IN the little southern parlor of tbe house you may have seen
With the gambrel-roof, and the gable looking westward to the green,
At the side toward the sunset, with the window on its right,
Stood the London-made piano I am dreaming of to-night!

Ah me! how I remember the evening when it came!
What a cry of eager voices, what a group of cheeks in flame,
When the wondrous box was opened that had come from over seas,
With its smell of mastic-varnish and its flash of ivory keys!

Then the children all grew fretful in the restlessness of joy,
For the boy would push his sister, and the sister crowd the boy,
Till the father asked for quiet in his grave paternal way,
But the mother hushed the tumult with the words, “Now, Mary, play.”

For the dear soul knew that music was a very sovereign balm;
She had sprinkled it over Sorrow and seen its brow grow calm,
In the days of slender harpsichords with tapping tinkling quills,
Or carolling to her spinet with its thin metallic thrills.

So Mary, the household minstrel, who always loved to please,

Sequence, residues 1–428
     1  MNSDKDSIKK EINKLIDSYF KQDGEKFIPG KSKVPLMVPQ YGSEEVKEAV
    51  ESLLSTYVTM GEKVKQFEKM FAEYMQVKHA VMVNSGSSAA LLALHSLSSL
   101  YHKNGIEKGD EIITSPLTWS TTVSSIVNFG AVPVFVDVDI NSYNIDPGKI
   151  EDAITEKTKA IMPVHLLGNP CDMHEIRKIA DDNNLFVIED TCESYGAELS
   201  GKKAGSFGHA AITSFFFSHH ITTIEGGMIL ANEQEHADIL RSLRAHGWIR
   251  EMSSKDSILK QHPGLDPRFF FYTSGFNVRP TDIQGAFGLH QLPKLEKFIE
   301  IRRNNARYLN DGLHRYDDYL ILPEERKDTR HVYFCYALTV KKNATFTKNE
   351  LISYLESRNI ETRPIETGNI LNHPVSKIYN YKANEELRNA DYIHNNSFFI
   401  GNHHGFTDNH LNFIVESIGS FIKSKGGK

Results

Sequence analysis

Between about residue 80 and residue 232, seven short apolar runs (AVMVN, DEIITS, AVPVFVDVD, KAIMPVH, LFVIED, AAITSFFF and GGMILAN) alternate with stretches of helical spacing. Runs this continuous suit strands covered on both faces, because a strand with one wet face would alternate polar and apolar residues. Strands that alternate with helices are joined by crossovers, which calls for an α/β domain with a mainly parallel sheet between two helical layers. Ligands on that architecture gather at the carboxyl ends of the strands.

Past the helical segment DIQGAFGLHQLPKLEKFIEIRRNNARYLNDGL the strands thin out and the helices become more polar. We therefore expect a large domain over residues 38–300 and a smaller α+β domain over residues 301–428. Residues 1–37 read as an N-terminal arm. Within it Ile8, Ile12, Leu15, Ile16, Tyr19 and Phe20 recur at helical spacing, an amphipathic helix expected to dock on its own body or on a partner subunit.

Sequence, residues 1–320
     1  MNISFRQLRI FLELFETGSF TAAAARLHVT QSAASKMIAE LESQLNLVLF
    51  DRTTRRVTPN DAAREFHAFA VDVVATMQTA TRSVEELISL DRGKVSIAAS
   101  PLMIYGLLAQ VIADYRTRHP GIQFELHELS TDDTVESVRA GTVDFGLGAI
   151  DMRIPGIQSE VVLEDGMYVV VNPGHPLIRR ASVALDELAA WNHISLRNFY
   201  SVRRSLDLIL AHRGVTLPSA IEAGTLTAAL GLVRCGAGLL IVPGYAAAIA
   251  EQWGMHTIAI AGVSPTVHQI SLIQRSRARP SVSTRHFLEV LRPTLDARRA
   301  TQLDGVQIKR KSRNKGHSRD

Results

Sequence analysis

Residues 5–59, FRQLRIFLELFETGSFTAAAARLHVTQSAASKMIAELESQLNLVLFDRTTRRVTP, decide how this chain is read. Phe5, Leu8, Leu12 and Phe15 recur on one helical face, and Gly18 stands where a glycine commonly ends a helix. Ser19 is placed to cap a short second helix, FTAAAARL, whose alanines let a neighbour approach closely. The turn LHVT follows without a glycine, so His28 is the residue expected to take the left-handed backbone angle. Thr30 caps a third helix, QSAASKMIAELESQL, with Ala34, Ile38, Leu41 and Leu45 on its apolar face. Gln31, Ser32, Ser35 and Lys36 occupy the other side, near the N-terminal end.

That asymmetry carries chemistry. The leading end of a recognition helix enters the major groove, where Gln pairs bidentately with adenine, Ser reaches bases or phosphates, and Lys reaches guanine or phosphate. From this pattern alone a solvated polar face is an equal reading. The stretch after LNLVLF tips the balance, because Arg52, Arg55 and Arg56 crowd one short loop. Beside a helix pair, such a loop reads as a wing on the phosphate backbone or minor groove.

Sat down to the new “Clementi,” and struck the glittering keys.
Hushed were the children’s voices, and every eye grew dim,
As, floating from lip and finger, arose the “Vesper Hymn.”

Catharine, child of a neighbor, curly and rosy-red,
(Wedded since, and a widow,– something like ten years dead,)
Hearing a gush of music such as none before,
Steals from her mother’s chamber and peeps at the open door.

Just as the “Jubilate” in threaded whisper dies,
“Open it! open it, lady!” the little maiden cries,
(For she thought ‘t was a singing creature caged in a box she heard,)
“Open it! open it, lady! and let me see the bird!”

Analysis, meaning and summary of Oliver Wendell Holmes's poem The Opening of the Piano

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